The Gorham Mountain trail at Acadia National park winds up through a forested mountain slope before bursting out onto the one of the granite-boulder covered summits for which the park is famous. But once you get up there, following the loop back down would be tricky if it weren’t for rock stacks built by Waldron Bates — they feature a long flat rock supported by two legs and a smaller rock pointing in the direction of the trail. For centuries, humans have been building such markers. But many trail aficionados have one thing to say to people building stone piles in the wilderness: Stop.
For High Country News, Robyn Martin writes that there is an annoying plague of rock stacks balanced carefully atop one another in the West.
These piles aren't true cairns, the official term for deliberately stacked rocks. From middle Gaelic, the word means "mound of stones built as a memorial or landmark." There are plenty of those in Celtic territories, that's for sure, as well as in other cultures; indigenous peoples in the United States often used cairns to cover and bury their dead. Those of us who like to hike through wilderness areas are glad to see the occasional cairn, as long as it's indicating the right way to go at critical junctions in the backcountry.
Pointless cairns have been a problem at Acadia, Aislinn Sarnacki writes for Bangor Daily News. Visitors have knocked down the Bates cairns and even built their own. That’s a problem Darren Belskis, supervisory park ranger, told Sarnacki. “They’re very important,” he says. “If you make your own cairn, it leads people in the wrong direction, and it could get people in trouble. So come out and enjoy the cairns, find them all, but please don’t disturb them.”
Other publications have also written about objections to excessive rock cairns. Adventure Journal has a poll on the issue.
Real cairns are all around the world. The word comes from Gaelic for "heap of stones," writes Michael Gaige for AMC Outdoors. He adds that Norse sailors used stones as before there were lighthouses to help them navigate through Norwegian fjords. In Iceland the stone piles are called varda. Stone piles also mark trails in the Tibetan Plateau, the Mongolian steppe and in the Andes. Many still standing today are ancient.
It may be unfair to call the non-trail marking cairns pointless. Stone cairns can be beautiful and a way to connect to people who visit the area afterwards. For HCN, Martin writes that she noticed many appearing in the West after the so-called Harmonic Convergence in 1987, a synchronized meditation event. She thinks that many of the new stone stacks are people’s way of saying "I was here" or hold spiritual significance.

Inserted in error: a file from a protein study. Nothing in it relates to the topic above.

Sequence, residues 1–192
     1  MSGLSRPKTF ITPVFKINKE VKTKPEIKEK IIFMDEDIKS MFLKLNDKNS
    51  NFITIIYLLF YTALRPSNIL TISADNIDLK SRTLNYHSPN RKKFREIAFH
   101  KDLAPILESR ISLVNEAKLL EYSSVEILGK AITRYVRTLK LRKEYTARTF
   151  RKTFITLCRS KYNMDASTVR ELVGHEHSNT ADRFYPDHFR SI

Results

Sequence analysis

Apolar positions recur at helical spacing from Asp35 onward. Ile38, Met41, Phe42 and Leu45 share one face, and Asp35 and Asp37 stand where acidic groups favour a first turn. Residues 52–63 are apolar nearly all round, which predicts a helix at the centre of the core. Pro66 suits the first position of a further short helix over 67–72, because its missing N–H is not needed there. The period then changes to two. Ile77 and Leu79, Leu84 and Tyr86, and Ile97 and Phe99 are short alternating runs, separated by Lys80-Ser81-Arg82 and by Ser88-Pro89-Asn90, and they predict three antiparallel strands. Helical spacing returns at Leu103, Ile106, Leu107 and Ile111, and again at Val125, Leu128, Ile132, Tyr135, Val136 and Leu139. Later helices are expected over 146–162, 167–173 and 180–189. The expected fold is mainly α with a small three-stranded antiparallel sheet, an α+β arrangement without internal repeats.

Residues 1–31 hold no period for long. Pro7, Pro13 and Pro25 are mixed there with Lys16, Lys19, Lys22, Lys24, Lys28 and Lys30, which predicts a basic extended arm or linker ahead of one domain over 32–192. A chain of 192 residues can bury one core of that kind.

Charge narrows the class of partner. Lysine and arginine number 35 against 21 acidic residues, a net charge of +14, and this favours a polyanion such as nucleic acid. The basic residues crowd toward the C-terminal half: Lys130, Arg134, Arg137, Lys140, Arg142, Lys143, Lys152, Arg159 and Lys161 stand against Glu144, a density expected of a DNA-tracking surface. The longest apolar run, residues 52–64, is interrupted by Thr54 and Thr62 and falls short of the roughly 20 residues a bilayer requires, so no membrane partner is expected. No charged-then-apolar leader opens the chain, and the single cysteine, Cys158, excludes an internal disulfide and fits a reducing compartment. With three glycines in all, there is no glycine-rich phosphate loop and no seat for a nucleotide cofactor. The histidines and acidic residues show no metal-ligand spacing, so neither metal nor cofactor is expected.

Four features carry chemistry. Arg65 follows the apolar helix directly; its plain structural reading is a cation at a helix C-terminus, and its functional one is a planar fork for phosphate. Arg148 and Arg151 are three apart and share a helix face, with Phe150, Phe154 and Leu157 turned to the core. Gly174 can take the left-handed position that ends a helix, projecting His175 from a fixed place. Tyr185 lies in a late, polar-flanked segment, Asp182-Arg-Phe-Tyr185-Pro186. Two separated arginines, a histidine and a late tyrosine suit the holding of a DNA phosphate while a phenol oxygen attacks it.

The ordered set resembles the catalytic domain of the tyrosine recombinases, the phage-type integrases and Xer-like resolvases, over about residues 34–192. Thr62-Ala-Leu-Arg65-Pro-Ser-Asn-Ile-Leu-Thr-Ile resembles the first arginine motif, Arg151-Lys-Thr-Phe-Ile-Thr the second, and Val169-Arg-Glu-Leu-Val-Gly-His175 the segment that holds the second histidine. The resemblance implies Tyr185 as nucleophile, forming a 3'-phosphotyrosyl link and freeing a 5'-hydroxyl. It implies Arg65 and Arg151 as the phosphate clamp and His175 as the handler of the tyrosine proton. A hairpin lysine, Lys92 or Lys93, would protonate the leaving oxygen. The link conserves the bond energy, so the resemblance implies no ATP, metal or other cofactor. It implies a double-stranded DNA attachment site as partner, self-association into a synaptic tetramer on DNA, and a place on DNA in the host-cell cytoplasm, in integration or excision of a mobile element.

Moving rocks not only runs the risk of misdirecting hikers, it can also be bad for the environment. Martin writes:
Moving rocks increases erosion by exposing the soil underneath, allowing it to wash away and thin soil cover for native plants. Every time a rock is disturbed, an animal loses a potential home, since many insects and mammals burrow under rocks for protection and reproduction.
The comments on the HCN article include people on all sides of the debate. Commenter Peter Juhl writes:
I am an avid stone balancer. I teach classes on the art form and give presentations on it regularly. I published the first widely available guide book on rock and stone balancing. I love this art form and want to see it grow.
However, I am very concerned about the practice of leaving stacks of stones littering natural areas. There is a large worldwide community of stone balance artists who share this concern, and who practice a leave-no-trace approach in creating our temporary art. We build our balances, take some photos, and then dismantle. We strive especially to avoid disturbing natural and protected areas.
Martin concludes with a plea to perhaps leave the cairn-building to the experts, practice leaving no trace in the wilderness and say a silent prayer if moved.